Tuesday, April 14, 2009

The Shape of Change

The Shape of Change is an expanded sculpture project, investigating Iraqi and American concepts of political change, independence and civic agency. People across both countries are answering questions ranging from the meaning of democracy to the importance of national identity. Answers will be collected in an open source data base and interpreted in several ways: as online data visualizations, physical sculptures, and a series of dialogues between paired Iraqi and American cities. Data will be publicly available for collaborations between Iraqi and American artists. As content evolves in response to political events, artistic renderings of the data will function as evolving representations of change.

The theme of change was ubiquitous throughout the US presidential campaign, and now that a new American president and many new regional Iraqi leaders have been elected, the need to discuss what political change actually means is imperative. The piece will explore if/how these concepts differ across cultures, and how desire for them is manifested or displaced.

If you are interested in the project, you can read more information here and fill out the questionnaire here. Pass the request along to people in as many different locations with as many different view points as you can.

Shape of Change Questions

  1. In the current US elections, both political parties and voters across the country have cited the need for change, but people are seldom specific about what they feel change means. How do you define political change?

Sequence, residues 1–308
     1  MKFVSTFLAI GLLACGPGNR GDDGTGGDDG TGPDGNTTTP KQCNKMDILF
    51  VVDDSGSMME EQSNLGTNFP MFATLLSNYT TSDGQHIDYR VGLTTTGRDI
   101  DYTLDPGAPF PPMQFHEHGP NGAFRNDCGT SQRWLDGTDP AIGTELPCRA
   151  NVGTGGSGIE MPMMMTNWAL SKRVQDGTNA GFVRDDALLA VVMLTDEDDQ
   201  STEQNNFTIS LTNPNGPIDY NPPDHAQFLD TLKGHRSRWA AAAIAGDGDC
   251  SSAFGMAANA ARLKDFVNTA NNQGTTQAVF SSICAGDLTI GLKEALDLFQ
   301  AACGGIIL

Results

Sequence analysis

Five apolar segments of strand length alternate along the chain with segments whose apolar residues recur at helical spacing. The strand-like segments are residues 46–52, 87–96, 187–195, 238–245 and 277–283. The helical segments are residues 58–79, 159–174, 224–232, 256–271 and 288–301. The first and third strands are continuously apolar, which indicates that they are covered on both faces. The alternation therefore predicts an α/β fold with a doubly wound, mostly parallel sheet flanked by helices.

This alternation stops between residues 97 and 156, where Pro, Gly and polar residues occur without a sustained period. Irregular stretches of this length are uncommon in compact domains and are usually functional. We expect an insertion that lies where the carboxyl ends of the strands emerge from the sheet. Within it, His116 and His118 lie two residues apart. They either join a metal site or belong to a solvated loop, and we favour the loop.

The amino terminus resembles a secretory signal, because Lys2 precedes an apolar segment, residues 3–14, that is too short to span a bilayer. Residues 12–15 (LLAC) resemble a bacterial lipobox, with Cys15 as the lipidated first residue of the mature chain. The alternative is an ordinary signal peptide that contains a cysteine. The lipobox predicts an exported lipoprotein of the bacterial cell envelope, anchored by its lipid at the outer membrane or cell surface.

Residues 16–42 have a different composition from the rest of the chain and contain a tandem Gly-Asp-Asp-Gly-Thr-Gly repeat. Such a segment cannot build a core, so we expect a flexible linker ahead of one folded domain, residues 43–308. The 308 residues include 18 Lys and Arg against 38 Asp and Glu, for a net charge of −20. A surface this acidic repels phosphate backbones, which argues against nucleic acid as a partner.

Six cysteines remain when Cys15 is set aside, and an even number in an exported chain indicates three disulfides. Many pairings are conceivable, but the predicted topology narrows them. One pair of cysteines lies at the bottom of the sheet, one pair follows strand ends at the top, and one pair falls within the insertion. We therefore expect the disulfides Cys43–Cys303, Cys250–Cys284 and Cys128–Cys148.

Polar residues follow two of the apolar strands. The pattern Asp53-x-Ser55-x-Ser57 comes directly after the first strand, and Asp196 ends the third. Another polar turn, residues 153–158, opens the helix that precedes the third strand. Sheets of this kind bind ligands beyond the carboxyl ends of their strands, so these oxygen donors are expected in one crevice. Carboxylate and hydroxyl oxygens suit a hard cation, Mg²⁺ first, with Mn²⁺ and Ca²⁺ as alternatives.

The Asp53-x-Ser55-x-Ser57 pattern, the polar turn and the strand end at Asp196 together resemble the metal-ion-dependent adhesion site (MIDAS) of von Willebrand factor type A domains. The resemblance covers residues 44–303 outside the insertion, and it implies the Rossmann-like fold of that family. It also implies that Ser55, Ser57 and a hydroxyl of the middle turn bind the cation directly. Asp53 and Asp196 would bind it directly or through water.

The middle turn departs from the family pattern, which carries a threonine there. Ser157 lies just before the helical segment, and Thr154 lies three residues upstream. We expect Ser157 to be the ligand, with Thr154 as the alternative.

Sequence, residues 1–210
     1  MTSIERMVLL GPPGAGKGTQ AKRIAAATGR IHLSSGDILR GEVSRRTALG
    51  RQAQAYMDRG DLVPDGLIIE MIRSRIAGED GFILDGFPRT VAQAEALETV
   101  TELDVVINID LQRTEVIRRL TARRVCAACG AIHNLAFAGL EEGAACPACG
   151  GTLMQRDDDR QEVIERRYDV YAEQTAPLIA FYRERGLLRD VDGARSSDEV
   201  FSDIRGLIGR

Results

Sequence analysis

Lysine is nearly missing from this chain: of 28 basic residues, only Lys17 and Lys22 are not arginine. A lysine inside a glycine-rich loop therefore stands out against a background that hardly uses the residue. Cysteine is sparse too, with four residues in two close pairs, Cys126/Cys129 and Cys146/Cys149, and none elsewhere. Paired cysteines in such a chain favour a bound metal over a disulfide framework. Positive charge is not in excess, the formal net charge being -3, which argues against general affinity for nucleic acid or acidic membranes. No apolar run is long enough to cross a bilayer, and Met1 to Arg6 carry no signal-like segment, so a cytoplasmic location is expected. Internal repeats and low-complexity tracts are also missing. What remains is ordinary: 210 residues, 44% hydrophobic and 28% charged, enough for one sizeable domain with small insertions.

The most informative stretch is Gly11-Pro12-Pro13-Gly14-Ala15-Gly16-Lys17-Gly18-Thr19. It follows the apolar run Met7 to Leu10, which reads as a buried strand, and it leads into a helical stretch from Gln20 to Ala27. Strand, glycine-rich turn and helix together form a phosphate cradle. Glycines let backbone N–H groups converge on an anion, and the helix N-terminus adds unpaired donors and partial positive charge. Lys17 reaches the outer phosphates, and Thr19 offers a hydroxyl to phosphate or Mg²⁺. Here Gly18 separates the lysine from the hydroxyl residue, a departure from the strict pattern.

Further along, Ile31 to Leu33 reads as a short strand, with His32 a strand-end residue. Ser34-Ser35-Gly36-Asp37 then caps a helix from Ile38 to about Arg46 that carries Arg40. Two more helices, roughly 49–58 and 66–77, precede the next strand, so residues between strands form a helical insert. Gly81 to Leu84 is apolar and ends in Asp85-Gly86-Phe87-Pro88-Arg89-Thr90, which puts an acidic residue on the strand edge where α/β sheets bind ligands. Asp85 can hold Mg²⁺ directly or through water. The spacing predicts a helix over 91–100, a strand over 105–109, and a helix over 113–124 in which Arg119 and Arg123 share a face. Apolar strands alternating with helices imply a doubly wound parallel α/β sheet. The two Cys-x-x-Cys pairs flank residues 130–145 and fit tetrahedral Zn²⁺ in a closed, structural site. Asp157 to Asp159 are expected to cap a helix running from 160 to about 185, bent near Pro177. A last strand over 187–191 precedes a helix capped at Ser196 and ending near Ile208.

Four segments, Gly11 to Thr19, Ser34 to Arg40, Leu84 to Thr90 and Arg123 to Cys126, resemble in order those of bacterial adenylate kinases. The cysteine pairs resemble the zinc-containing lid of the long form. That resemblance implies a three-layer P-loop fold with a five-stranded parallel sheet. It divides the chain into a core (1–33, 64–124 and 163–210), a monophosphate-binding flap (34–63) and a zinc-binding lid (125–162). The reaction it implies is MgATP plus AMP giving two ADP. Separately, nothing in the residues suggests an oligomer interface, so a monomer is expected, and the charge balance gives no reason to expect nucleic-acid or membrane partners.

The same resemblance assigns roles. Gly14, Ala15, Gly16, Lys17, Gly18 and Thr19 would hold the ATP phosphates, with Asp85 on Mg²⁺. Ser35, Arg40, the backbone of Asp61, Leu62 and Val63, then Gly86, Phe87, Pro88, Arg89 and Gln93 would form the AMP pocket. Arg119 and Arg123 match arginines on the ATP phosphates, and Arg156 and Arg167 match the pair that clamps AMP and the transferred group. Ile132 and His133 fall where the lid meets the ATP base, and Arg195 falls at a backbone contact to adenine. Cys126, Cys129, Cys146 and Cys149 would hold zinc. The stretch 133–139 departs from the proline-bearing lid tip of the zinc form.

2. What do you feel would constitute meaningful change in your country? Do you feel this is possible?
  3. What changes do you feel are required to improve the relationship between Iraq and the United States?
  4. What do you feel constitutes true independence?
  5. What do you feel needs to happen for Iraq and the United States to be fully independent of each other and when will you know that this has been achieved?
  6. What do you feel constitutes true individual freedom? Do you feel this is possible in a democratic society?
  7. Are you free to exercise choice in your life? Do you feel you have the ability to choose between meaningfully different political options in your country? If not, how might this situation be improved?
  8. Do individuals have a political voice in your country? Do you enjoy freedom of expression? Do you feel that expression should ever be curtailed by government?
  9. What is the potential for individuals to affect political change where you are?
  10. Is national identity important and/or necessary? How would you describe your nation’s identity? Is it defined in relation to other countries?
  11. What do you feel is the meaning of the word democracy?
  12. What country and what part of that country are you from?

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